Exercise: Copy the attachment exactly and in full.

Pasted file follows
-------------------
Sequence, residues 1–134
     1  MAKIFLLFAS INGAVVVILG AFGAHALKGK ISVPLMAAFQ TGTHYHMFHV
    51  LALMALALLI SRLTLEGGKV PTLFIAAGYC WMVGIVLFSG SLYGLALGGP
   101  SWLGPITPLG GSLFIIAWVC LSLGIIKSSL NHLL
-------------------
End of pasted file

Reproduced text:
Sequence, residues 1–134
     1  MAKIFLLFAS INGAVVVILG AFGAHALKGK ISVPLMAAFQ TGTHYHMFHV
    51  LALMALALLI SRLTLEGGKV PTLFIAAGYC WMVGIVLFSG SLYGLALGGP
   101  SWLGPITPLG GSLFIIAWVC LSLGIIKSSL NHLL